At North Shore Pediatric Therapy, our registered dietitian, Stephanie Wells, MS RD LD, specializes in pediatric nutrition, and works with kids of all ages- preemies through adolescents. She is passionate about kids’ nutrition, and aims to alleviate parents’ concerns for their child’s nutrition status. Her background includes working in the pediatric ICU as well as a pediatric outpatient gastrointestinal clinic. Stephanie’s areas of expertise include food allergies, underweight or difficulty gaining weight, feeding difficulties, picky eating issues, specialized diets, constipation and diarrhea, gastroesophageal reflux disease, ulcerative colitis, Crohn’s disease, Celiac disease, overweight or obesity, nutrition for children with special healthcare needs, and managing gastrostomy tube feedings.
As stated on the Academy of Nutrition and Dietetics’ website (www.eatright.org), “Registered dietitians are food and nutrition experts, translating the science of nutrition into practical solutions for healthy living. The expertise, training and credentials that back a registered dietitian are vital for promoting positive lifestyle choices. Registered dietitians draw on their experience to develop a personalized nutrition plan for individuals of all ages.”
Stephanie will spend quality time listening to what your family’s unique needs are, and then together, will create a nutrition plan that works for you. She can provide meal ideas, handouts, special diet materials, samples, and any tools or resources you need for you and your child to be successful in moving toward health.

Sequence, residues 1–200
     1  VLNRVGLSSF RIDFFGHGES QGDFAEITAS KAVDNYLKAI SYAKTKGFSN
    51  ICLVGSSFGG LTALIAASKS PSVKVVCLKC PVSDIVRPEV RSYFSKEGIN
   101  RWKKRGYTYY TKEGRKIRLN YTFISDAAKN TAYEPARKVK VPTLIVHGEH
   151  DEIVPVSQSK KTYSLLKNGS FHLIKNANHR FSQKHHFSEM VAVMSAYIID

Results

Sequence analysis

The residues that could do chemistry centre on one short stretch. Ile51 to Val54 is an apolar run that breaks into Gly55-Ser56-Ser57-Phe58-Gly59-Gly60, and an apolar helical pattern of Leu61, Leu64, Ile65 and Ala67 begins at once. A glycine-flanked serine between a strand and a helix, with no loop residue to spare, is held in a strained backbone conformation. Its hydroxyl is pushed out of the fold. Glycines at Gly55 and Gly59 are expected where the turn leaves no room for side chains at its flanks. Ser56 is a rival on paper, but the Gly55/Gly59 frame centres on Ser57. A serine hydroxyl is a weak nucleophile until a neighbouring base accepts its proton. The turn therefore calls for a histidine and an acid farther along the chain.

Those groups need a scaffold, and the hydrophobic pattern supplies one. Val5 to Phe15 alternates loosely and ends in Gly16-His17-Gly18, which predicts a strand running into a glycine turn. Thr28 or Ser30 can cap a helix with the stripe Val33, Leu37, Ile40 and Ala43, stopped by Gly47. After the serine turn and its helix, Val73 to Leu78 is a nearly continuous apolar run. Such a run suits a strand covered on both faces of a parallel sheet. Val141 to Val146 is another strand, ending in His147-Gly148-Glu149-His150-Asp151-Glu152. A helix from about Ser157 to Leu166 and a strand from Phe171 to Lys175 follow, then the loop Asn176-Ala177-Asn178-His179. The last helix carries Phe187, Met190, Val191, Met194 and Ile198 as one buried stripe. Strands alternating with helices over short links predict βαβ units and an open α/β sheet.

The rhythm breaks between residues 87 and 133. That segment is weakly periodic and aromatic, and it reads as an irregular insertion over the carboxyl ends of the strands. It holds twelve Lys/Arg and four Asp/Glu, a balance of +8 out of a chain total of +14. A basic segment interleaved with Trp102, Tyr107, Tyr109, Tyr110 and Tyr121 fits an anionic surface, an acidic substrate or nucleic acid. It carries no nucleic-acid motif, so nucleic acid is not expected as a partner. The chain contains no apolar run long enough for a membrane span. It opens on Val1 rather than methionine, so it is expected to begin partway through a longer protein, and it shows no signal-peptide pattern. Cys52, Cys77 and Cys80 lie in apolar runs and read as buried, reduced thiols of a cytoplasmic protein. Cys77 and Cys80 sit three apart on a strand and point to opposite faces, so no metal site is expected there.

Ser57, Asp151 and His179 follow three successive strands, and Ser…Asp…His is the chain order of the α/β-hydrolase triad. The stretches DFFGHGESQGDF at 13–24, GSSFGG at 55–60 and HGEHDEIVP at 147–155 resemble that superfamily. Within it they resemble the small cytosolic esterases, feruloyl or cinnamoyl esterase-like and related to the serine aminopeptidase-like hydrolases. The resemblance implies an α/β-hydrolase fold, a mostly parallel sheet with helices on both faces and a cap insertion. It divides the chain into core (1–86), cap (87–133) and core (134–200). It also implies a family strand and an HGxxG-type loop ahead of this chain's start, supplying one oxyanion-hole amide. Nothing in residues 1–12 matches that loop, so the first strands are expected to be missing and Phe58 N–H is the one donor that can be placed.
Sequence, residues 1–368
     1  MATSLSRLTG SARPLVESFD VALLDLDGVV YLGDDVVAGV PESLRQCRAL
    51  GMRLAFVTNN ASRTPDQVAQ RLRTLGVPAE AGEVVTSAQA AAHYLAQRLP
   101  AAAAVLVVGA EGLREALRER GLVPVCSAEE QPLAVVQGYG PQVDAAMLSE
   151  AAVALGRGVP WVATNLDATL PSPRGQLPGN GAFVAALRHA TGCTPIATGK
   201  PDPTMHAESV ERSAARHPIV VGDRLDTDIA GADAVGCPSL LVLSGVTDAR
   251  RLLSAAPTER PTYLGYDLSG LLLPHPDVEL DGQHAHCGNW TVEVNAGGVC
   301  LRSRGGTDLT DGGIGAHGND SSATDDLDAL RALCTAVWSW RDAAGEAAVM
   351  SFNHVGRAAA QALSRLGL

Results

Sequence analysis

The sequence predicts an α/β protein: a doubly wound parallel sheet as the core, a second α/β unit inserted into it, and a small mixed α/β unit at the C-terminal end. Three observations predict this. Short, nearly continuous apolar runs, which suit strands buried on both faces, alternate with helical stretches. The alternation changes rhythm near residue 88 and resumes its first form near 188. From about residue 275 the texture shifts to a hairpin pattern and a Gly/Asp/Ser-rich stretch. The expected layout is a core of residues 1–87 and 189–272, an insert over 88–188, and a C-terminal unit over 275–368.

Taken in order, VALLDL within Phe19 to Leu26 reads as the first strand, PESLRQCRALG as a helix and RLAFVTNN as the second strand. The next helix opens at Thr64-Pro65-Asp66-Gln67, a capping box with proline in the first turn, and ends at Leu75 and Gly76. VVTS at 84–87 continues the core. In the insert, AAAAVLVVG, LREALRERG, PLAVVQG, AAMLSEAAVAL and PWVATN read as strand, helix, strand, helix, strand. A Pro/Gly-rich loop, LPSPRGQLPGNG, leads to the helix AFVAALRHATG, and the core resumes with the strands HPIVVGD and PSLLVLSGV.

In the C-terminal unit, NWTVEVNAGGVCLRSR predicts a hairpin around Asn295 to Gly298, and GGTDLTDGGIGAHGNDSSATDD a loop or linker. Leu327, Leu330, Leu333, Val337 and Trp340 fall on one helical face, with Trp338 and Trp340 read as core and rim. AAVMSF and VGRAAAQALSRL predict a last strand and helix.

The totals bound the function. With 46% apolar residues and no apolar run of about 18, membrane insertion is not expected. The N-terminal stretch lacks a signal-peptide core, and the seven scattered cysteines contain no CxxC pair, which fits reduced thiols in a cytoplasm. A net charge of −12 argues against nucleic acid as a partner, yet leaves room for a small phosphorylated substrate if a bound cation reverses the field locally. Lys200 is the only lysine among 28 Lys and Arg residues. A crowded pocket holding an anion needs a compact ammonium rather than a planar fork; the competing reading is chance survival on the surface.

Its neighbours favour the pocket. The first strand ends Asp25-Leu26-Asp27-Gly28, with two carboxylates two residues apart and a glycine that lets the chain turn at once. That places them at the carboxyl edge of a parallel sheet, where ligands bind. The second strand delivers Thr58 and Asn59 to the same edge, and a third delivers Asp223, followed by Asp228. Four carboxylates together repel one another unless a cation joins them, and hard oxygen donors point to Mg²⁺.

Nutrition is a hot topic these days, especially childhood obesity. In an article published by USA Today on May 7, 2012, researchers report the country’s obesity rate will reach 42% by the year 2030 if current trends continue. Even more compelling- “ ‘If the obesity rate stays at 2010 levels instead of rising to 42% as predicted, then the country could save more than $549.5 billion in weight-related medical expenditures from now till 2030,’ says study co-author Trogdon.”* Of course, the monetary costs are not the only costs at stake with children dealing with obesity. There are also serious health consequences that can arise such as diabetes and high blood pressure, as well as the emotional effects.
Nutrition-related health issues such as obesity are often a result of daily habits over time. You may think, “My family’s diet isn’t perfect. But we are just too busy right now. Maybe next week we will make a change.” Make this week the week you meet with a registered dietitian to help make a change in your family’s diet.
*To read the full article on obesity in USA Today, go to http://www.usatoday.com/news/health/story/2012-05-07/obesity-projections-adults/54791430/1